In the public sector in the North, following gains for community mental health workers, the union stepped up its campaign against privatisation in the health sector. In its conflict with management, it also challenged the accommodation between the public sector organisation and pre-existing unions. In another area of the economy, migrant workers in a recycling plant sought union support against discrimination but soon found that formal and informal economy practices overlapped. Paramilitary threats to union members and organisers, including subsequent attacks on workers’ property, have illustrated starkly the challenges to union organisation posed by the changing character of the working class in the northern part of the island.7

Given also the relatively high density of union membership in the north of Ireland’s public sector it is perhaps unsurprising that the IWU has not made the large breakthrough. We know how difficult it is, typically, to recruit private sector and precarious workers. Coupling this approach, however, with the targeting of larger, rural based workplaces in geographical areas surrounding established union offices had some success for a limited period. In the mid noughties, IWU members set up a workers co-operative café, arguably the first of its kind on the island, which became for a limited time a social centre and hub for organising activity. The development attracted young people to the union, including the unemployed, politically committed activists, students and ideologically sympathetic Spanish, Basques and Catalans. A further and welcome challenge is linking this activists’ dynamism with the ongoing requirements to service the diverse union membership within new and traditional economies.

It is a tough world for labour today, with both its economic-workplace and forms of political representation in crisis. While the gig economy is limited in terms of aggregate employment what matters, in addition to those working in it obviously, is the impact which the platform-app economy is having more broadly on labour and employment conditions including labour standards. And moreover, this means that the trade union commitment to remake the world as it was in the post war period, with highly centralised labour unions committed to retaining ever diminishing Keynesian social settlements is highly problematical. It would be good if this were possible and the IWU fights in traditional ways where it can, membership permitting. But so many workers in the new neoliberal world labour beyond this environment: and often with little mainstream labour movement support. Organisation, solidarity and positive gains are required for these workers too.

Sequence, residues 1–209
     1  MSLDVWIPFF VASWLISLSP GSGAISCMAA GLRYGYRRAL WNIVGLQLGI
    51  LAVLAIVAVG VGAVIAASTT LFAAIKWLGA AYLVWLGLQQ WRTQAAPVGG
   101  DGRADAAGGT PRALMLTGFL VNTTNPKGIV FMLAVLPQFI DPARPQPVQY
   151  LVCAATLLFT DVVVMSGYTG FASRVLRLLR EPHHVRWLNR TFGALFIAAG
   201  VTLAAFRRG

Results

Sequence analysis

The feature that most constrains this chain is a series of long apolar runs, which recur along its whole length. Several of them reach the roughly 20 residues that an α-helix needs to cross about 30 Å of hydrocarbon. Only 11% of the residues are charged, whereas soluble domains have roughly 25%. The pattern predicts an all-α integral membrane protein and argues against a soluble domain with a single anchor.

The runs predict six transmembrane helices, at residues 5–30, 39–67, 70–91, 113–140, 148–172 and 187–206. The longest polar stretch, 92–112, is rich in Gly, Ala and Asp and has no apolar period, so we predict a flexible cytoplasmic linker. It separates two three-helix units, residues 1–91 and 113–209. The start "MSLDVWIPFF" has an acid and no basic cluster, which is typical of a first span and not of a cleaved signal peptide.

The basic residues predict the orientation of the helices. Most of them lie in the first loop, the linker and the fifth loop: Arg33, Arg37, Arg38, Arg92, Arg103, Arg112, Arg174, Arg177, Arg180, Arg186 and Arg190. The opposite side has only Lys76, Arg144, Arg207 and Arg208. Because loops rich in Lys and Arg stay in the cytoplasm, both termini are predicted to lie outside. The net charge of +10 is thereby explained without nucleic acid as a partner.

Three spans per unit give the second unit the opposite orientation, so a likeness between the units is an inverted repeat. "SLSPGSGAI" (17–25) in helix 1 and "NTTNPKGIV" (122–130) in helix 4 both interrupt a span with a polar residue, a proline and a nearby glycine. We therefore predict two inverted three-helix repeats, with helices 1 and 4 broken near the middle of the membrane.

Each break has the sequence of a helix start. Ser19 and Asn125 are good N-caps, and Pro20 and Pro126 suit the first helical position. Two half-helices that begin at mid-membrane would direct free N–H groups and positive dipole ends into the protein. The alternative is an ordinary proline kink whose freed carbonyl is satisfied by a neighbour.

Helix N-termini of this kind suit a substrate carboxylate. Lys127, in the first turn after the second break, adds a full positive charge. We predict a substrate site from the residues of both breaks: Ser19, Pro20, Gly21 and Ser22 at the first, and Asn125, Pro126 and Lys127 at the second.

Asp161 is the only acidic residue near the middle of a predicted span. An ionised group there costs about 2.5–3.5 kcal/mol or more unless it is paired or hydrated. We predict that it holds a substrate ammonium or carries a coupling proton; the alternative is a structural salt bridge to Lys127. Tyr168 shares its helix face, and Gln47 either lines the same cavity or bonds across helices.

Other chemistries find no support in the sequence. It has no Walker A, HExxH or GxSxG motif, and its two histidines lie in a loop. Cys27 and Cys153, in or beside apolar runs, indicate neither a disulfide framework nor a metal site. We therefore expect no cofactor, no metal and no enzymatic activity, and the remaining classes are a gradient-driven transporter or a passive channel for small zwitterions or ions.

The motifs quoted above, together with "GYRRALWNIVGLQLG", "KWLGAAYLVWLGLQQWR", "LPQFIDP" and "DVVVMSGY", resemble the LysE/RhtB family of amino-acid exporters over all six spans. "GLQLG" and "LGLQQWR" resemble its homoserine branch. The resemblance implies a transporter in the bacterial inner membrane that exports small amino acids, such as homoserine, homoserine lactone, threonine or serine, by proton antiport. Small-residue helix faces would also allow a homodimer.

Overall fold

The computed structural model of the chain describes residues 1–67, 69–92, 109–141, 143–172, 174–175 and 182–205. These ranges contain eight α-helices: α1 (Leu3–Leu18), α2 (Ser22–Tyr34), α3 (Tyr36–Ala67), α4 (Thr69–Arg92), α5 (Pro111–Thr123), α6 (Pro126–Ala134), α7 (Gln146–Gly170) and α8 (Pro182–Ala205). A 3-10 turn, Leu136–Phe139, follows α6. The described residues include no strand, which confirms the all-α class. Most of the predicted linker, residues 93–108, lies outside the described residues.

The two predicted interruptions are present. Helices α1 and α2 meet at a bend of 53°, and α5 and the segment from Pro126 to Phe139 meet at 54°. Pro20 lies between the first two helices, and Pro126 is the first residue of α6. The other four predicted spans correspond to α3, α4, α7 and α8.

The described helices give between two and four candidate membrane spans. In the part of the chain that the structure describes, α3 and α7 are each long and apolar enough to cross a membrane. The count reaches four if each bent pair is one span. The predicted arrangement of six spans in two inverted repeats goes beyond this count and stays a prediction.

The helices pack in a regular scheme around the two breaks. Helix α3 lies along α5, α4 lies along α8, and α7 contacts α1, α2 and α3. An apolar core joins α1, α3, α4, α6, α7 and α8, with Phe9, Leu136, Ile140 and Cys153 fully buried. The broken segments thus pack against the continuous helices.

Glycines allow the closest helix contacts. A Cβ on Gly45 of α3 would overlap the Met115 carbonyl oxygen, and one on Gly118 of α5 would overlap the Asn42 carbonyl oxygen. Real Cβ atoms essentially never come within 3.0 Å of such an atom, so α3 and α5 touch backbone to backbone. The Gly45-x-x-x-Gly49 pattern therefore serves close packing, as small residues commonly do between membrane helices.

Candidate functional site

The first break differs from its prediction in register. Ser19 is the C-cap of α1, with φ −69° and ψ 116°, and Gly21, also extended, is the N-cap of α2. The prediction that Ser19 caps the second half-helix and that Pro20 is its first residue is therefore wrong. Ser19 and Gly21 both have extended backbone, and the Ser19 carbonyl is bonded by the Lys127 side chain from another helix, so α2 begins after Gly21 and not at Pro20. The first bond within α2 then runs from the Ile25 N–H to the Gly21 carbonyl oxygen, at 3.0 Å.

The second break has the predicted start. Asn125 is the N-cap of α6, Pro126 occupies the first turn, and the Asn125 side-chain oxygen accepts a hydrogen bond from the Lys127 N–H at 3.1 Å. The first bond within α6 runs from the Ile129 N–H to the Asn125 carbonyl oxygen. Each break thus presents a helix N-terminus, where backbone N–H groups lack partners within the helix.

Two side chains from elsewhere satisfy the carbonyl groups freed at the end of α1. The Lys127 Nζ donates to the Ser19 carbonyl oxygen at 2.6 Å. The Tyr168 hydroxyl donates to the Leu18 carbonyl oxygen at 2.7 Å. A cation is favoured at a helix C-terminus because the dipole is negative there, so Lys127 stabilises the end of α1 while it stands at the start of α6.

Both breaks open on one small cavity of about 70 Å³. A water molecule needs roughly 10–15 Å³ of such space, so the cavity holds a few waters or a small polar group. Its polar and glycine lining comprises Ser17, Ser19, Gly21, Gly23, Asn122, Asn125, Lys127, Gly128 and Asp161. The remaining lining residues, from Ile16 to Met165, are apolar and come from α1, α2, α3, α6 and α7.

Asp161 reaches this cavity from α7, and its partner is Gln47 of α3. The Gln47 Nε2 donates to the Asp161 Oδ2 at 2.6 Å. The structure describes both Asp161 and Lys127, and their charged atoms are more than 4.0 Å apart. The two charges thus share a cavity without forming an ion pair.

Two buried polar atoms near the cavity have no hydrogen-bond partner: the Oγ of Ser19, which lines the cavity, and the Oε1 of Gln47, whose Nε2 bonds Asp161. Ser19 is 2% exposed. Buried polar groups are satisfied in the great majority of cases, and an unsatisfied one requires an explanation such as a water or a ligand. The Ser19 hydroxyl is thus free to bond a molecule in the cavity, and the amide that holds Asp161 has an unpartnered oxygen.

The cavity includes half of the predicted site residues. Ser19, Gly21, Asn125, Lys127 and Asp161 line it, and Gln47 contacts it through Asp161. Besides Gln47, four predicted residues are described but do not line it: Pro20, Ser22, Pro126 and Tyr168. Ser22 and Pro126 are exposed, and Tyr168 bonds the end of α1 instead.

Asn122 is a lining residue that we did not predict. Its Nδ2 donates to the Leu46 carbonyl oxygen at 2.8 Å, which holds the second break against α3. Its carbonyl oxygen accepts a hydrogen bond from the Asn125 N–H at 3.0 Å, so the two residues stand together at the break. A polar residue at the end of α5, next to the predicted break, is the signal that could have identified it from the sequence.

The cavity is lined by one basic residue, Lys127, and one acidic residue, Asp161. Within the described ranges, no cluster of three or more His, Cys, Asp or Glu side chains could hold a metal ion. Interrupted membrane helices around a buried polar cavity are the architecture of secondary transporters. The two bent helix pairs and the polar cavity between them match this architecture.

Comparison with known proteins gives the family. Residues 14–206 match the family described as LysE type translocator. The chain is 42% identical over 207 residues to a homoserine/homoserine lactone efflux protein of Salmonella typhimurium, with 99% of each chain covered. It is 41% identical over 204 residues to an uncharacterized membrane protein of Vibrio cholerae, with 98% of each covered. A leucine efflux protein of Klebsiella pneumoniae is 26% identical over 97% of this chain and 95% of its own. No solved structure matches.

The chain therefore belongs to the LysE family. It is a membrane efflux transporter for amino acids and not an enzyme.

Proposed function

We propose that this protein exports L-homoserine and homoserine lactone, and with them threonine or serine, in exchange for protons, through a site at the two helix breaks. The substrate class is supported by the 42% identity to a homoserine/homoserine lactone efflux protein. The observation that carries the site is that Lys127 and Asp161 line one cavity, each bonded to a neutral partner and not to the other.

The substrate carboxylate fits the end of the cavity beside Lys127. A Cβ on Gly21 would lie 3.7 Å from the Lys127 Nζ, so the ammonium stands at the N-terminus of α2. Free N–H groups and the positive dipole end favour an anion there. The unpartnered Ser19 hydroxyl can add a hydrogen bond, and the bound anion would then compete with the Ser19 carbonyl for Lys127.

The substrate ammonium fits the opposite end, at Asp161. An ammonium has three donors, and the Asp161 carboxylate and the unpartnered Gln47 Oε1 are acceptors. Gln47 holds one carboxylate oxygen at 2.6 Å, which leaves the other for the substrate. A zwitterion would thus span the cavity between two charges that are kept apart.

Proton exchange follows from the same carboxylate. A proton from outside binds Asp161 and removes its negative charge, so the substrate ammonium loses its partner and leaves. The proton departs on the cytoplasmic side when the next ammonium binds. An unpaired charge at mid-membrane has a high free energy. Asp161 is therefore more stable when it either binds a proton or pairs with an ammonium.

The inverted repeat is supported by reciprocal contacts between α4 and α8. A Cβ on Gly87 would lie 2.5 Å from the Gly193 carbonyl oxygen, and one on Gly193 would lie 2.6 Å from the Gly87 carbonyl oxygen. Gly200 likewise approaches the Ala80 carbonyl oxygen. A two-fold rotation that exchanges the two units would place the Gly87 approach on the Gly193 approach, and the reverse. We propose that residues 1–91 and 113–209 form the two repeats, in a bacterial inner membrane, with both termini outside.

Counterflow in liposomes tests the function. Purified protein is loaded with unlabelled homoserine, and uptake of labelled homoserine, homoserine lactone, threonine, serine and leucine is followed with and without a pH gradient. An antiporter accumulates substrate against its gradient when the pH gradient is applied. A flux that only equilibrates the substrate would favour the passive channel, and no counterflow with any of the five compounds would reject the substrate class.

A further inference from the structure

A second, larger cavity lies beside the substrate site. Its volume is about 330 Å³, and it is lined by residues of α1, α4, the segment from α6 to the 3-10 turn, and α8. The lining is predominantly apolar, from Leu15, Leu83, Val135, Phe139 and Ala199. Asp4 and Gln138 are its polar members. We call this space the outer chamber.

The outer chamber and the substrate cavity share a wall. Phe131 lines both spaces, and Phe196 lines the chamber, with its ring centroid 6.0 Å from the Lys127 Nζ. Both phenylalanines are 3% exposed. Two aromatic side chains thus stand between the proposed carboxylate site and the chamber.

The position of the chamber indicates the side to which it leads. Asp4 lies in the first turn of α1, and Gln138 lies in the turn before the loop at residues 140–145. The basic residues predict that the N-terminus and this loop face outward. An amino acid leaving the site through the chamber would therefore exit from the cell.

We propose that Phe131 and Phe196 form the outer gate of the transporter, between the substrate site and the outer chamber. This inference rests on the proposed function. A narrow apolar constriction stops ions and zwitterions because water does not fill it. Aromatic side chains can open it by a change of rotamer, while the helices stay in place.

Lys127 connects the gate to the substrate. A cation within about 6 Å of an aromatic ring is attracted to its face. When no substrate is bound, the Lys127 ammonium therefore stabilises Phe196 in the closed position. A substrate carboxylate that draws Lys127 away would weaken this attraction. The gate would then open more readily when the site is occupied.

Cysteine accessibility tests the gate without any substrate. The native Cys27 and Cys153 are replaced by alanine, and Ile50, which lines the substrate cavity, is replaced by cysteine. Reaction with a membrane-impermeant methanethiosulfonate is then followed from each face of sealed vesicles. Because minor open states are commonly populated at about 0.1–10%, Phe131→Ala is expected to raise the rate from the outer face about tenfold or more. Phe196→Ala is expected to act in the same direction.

In Ireland, as elsewhere today, many of these workers will be migrants and living and working in communities with greater or lesser degrees of ‘resources for hope’ as Raymond Williams put it. This is a key constituency to which the IWU is responding and was one of the first unions in Ireland to employ a native Polish speaker in order to engage with the large community of Poles now working in Ireland.